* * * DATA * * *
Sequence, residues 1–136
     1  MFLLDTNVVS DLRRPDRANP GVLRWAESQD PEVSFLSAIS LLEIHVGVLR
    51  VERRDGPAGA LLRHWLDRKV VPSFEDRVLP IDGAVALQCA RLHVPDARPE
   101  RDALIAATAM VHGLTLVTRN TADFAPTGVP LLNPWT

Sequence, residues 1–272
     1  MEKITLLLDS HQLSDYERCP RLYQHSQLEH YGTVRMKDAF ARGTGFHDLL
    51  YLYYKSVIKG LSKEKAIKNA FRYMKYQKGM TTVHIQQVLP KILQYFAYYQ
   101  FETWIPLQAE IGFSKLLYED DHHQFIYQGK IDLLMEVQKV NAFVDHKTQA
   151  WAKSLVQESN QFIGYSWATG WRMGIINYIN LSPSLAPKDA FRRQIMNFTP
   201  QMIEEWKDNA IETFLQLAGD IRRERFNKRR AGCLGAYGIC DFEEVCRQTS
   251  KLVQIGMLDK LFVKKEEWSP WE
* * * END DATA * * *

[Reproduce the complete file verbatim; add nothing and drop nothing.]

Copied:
Sequence, residues 1–136
     1  MFLLDTNVVS DLRRPDRANP GVLRWAESQD PEVSFLSAIS LLEIHVGVLR
    51  VERRDGPAGA LLRHWLDRKV VPSFEDRVLP IDGAVALQCA RLHVPDARPE
   101  RDALIAATAM VHGLTLVTRN TADFAPTGVP LLNPWT

Sequence, residues 1–272
     1  MEKITLLLDS HQLSDYERCP RLYQHSQLEH YGTVRMKDAF ARGTGFHDLL
    51  YLYYKSVIKG LSKEKAIKNA FRYMKYQKGM TTVHIQQVLP KILQYFAYYQ
   101  FETWIPLQAE IGFSKLLYED DHHQFIYQGK IDLLMEVQKV NAFVDHKTQA
   151  WAKSLVQESN QFIGYSWATG WRMGIINYIN LSPSLAPKDA FRRQIMNFTP
   201  QMIEEWKDNA IETFLQLAGD IRRERFNKRR AGCLGAYGIC DFEEVCRQTS
   251  KLVQIGMLDK LFVKKEEWSP WE